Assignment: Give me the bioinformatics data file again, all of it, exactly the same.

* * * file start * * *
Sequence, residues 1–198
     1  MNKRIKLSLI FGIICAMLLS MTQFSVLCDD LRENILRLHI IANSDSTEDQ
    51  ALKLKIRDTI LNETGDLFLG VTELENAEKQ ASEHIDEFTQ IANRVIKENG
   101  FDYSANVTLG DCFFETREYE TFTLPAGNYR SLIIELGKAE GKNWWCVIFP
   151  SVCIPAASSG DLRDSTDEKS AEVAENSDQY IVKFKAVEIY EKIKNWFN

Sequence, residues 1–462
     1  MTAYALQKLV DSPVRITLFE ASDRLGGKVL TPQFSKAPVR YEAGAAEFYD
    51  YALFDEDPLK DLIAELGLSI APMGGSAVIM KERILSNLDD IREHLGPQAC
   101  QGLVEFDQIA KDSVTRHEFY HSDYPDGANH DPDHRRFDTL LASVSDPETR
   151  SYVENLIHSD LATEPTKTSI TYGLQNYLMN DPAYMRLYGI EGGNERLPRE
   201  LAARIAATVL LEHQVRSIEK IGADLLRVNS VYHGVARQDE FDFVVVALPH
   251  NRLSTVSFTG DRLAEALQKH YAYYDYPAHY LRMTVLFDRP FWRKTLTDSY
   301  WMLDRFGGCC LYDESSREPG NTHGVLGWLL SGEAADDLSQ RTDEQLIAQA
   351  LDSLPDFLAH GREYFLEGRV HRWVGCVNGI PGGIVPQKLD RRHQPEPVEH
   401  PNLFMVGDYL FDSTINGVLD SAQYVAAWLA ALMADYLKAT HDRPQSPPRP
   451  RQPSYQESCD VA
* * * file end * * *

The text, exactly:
Sequence, residues 1–198
     1  MNKRIKLSLI FGIICAMLLS MTQFSVLCDD LRENILRLHI IANSDSTEDQ
    51  ALKLKIRDTI LNETGDLFLG VTELENAEKQ ASEHIDEFTQ IANRVIKENG
   101  FDYSANVTLG DCFFETREYE TFTLPAGNYR SLIIELGKAE GKNWWCVIFP
   151  SVCIPAASSG DLRDSTDEKS AEVAENSDQY IVKFKAVEIY EKIKNWFN

Sequence, residues 1–462
     1  MTAYALQKLV DSPVRITLFE ASDRLGGKVL TPQFSKAPVR YEAGAAEFYD
    51  YALFDEDPLK DLIAELGLSI APMGGSAVIM KERILSNLDD IREHLGPQAC
   101  QGLVEFDQIA KDSVTRHEFY HSDYPDGANH DPDHRRFDTL LASVSDPETR
   151  SYVENLIHSD LATEPTKTSI TYGLQNYLMN DPAYMRLYGI EGGNERLPRE
   201  LAARIAATVL LEHQVRSIEK IGADLLRVNS VYHGVARQDE FDFVVVALPH
   251  NRLSTVSFTG DRLAEALQKH YAYYDYPAHY LRMTVLFDRP FWRKTLTDSY
   301  WMLDRFGGCC LYDESSREPG NTHGVLGWLL SGEAADDLSQ RTDEQLIAQA
   351  LDSLPDFLAH GREYFLEGRV HRWVGCVNGI PGGIVPQKLD RRHQPEPVEH
   401  PNLFMVGDYL FDSTINGVLD SAQYVAAWLA ALMADYLKAT HDRPQSPPRP
   451  RQPSYQESCD VA